* Junta leader well, to address nation - spokesman
* Guinea soldiers instigating wave of arrests after attack
* Some linked to Camara attacker tortured, killed - police
CONAKRY, Dec 8 - Guinea's military junta chief, Captain Moussa Dadis Camara, is well and will address the nation soon, a spokesman said on Tuesday, five days after an assassination bid on the West African nation's leader.
Guinea, the world's top producer of bauxite, has been gripped by fears of further instability since Camara was shot and evacuated to Morocco, where he was operated on for head wounds, leaving behind a power vacuum and deeply divided army.
The president is well. I think that he will address the nation and its people either this evening or tomorrow, Information Minister Idrissa Cherif told Reuters in Conakry.
Already under pressure for a Sept. 28 security crackdown on pro-democracy campaigners that human rights groups say claimed more than 150 lives, Guinea's junta, led for now by defence miniter Sekouba Konate, is facing intense pressure to step down.
However, gunfire rings out almost daily as loyalist forces focus instead on hunting down those linked to Camara's former aid-de-camp and would-be assassin, Lieutenant Aboubacar Toumba Diakite, who is now on the run with a gang of soldiers.
All those who were seen with (Toumba) -- soldiers, civilians and even charlatans -- are being systematically arrested and tortured. Some of them are being killed, said a senior police officer, who asked not to be named but said he had gathered information from official reports and other sources.
The information was confirmed by a military source.
The most worrying thing is that they are not bothering to seriously question those who are arrested. At this rate, this will turn into a settling of scores, the policeman added.
The attack highlighted the deep divisions amongst the soldiers who seized Guinea in a bloodless coup last December. Initially welcomed by a population eagre for change after years under strongman Lansana Conte, abuses, erratic behaviour and plans to stand for election stirred anti-junta sentiment.
Tensions intensified last week as a team of United Nations investigators probed the September killings. Findings are not due until mid-December but West Africa's regional body, which has been mediating in the crisis, said on Monday that it saw no constructive role for Camara in the country's future.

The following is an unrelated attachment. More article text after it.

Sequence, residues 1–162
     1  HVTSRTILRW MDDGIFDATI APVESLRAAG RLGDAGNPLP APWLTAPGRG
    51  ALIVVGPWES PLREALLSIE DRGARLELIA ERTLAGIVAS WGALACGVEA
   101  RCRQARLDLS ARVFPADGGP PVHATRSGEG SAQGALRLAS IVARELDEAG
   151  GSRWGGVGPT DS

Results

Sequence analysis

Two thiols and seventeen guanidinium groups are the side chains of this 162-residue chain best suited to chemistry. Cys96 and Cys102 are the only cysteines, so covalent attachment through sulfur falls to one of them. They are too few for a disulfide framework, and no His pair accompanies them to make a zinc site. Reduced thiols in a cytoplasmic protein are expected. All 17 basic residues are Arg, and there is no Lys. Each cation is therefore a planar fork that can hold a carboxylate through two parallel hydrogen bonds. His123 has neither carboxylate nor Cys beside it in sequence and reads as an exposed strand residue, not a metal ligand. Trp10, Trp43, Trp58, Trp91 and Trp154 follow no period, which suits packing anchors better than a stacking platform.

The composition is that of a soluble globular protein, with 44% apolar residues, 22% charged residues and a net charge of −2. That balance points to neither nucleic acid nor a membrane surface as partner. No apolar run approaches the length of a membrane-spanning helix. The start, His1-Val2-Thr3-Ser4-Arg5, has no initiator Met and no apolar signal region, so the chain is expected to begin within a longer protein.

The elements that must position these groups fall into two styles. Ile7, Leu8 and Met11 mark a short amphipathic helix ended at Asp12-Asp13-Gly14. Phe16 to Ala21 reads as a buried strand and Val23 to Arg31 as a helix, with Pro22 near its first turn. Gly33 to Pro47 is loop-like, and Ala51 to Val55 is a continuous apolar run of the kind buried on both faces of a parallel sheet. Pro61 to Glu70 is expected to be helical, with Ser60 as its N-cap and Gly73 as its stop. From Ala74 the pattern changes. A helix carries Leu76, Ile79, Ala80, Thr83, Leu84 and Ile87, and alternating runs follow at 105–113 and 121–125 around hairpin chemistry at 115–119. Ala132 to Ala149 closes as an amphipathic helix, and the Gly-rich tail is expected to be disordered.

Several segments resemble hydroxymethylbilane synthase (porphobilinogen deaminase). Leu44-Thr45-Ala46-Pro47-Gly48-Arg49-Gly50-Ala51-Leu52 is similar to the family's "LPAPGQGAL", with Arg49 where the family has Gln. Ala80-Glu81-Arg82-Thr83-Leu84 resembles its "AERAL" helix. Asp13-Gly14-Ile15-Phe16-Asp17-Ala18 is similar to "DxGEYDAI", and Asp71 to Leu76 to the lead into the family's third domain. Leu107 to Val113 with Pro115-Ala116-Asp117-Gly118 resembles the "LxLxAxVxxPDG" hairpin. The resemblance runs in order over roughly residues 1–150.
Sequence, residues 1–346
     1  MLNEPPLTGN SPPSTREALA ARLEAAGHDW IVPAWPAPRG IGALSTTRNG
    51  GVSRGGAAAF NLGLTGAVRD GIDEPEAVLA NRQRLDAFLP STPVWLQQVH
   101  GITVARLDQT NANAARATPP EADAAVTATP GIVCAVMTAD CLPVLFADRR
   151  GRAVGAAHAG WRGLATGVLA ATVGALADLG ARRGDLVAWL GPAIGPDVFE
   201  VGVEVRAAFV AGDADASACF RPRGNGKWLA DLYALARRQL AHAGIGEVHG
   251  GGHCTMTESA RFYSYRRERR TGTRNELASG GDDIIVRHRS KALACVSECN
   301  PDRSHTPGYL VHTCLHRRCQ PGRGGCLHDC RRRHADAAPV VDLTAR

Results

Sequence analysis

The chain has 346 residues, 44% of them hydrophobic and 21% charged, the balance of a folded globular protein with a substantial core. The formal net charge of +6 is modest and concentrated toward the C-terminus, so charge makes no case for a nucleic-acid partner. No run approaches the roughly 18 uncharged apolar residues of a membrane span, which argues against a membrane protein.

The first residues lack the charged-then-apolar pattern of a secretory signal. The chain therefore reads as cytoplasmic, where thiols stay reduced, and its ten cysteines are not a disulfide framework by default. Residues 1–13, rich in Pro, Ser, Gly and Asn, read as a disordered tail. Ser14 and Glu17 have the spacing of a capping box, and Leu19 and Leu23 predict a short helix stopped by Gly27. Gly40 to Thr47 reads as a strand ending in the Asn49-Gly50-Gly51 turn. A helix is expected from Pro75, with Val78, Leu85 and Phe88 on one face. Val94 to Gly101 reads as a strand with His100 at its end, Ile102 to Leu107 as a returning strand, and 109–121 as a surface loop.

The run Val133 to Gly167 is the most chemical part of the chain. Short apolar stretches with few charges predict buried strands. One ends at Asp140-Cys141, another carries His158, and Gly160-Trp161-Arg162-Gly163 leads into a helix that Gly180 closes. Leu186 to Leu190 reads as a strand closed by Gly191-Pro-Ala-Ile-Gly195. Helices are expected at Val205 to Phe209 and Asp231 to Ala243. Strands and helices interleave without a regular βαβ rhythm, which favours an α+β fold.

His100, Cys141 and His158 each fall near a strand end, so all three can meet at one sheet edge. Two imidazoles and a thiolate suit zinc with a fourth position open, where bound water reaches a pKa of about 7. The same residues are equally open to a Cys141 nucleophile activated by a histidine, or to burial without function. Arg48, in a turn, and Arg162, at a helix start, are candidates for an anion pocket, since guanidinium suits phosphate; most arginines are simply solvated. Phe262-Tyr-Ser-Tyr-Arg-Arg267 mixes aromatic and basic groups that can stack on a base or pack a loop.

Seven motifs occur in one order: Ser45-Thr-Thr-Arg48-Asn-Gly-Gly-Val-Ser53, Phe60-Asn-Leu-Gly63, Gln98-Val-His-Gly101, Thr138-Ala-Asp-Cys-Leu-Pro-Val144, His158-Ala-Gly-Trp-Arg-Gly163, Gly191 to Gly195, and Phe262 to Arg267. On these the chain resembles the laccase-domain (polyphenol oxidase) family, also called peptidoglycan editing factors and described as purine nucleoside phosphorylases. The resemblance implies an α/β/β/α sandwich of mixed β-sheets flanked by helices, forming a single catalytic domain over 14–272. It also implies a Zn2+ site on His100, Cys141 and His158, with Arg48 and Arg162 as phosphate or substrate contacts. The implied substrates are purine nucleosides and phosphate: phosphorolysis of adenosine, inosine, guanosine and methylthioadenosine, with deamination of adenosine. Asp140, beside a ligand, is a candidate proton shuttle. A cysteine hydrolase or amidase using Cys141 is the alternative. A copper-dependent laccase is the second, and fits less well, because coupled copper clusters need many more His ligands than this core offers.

Like on most evenings since last week's attack on Camara, gunfire rang out in Conakry's Cosa neighbourhood on Monday night as soldiers hunted down people with links to Toumba.
The junta has offered an undisclosed amount of money to anyone who provides information that leads to Toumba's arrest. It has made no comment on the latest allegations.
Military sources said at least six people were killed in the firefight that broke out between junta factions last Thursday.
An army officer, who also asked not to be named, said at least two members of the presidential guard that Toumba has been in charge of were subsequently arrested and had died in torture.
A video, seen by Reuters in Conakry, showed several other members of the presidential guard being tied up and questioned.
Camara's future is not immediately clear, with Konate in command and regional officials increasingly suggesting exile is his only remaining option, but ordinary Guineans say they simply desperate for an end to their country's instability.
The hardest thing for me is not to have seen my husband's body. For now, I am at a loss, I don't even know where he is buried, said Salimatou Bah, whose husband was killed on Sept. 28.
After all that, the soldiers come and distract us with their internal bickering. Quite frankly, I don't really care about the attack on the president, she added.
There are fears that tensions in Guinea may spread through a region that has already seen three civil wars in a decade. Some mineworkers have left the country in response to the growing tension but production at major operations has not been hit. (Writing by David Lewis; Editing by Giles Elgood)